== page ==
In some ways, a Library is similar to a folder. From a user's point of view, a library looks and behaves just like a regular folder. However, unlike a folder, a Library gathers files that are stored in several locations into a single view. This is a subtle, but important difference. Libraries don't actually store users’ items, they only monitor folders that contain items, and let users access and arrange these items in different ways. They also let users and developers access the list of folders and their contents. For example, if you try to save a text document (from Notepad) directly to the Documents Library, the file will be saved. However, we just said that Libraries are NOT regular folders that contain files, so what’s going on? Well, the text file is saved to the Documents Library default save location, which is, by default, the user’s Documents folder – also known as “My Documents” and is part of the user profile. The user has full control over the default save location as well as the other locations that are part of a library. As shown in the next figure, the Picture Library management dialog (which is accessible directly from the Windows Explorer UI) contains several locations on my local hard drive with one of the folders designated as the default save location.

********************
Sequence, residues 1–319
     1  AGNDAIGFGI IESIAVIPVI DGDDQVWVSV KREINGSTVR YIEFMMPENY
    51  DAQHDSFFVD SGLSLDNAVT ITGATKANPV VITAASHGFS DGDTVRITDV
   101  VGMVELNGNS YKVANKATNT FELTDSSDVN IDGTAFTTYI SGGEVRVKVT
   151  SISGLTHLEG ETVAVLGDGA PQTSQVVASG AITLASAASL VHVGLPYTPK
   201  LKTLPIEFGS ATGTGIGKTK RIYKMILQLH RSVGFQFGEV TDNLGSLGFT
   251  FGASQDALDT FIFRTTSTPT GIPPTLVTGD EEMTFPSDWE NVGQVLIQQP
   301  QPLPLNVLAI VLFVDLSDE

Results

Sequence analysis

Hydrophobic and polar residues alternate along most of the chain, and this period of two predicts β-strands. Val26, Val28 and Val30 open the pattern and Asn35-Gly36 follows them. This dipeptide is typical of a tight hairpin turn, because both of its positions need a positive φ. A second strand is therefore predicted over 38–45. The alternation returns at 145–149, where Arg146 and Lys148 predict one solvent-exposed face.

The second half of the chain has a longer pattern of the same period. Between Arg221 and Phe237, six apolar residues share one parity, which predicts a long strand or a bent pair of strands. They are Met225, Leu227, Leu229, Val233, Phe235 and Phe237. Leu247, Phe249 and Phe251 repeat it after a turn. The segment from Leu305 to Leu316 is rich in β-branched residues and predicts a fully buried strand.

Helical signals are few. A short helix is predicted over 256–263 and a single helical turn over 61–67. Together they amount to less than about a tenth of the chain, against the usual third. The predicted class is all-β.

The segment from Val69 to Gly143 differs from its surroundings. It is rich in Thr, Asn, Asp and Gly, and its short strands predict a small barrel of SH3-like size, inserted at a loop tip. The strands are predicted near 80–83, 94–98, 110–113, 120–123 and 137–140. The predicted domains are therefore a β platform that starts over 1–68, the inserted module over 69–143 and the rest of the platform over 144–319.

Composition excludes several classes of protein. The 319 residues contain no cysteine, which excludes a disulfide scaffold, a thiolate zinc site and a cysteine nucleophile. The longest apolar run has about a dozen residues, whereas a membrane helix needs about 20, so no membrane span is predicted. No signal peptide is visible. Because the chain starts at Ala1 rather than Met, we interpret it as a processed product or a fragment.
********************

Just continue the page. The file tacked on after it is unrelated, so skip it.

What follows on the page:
Library Management Dialog

It is important to note that the Pictures Library didn’t replace the My Pictures folder from Windows Vista; it simply includes that folder in the Pictures library as one of many locations. Also, please note that the CSIDL system and its APIs system are still supported for application compatibility. However, we do not recommend that you use them in new application development.We recommend that you use the known folder system instead

A Library in Windows 7 is stored as an XML definition file that has a file extension of “.library-ms.” The file name is the actual library’s name. For example, the Documents Library is represented by an XML file called Documents.library-ms. Library descriptions are saved on disk in the %appdata% Roaming\Microsoft\Windows\Libraries folder (also known as FOLDERID_Libraries). You can use the Library definition files to monitor changes to the library as we will explain in future posts

Let’s dig into the Documents Library definition file schema. The XML structure is pretty self-explanatory, but let’s explain a few of its elements. At the top of the file, we can find the Library “header” information: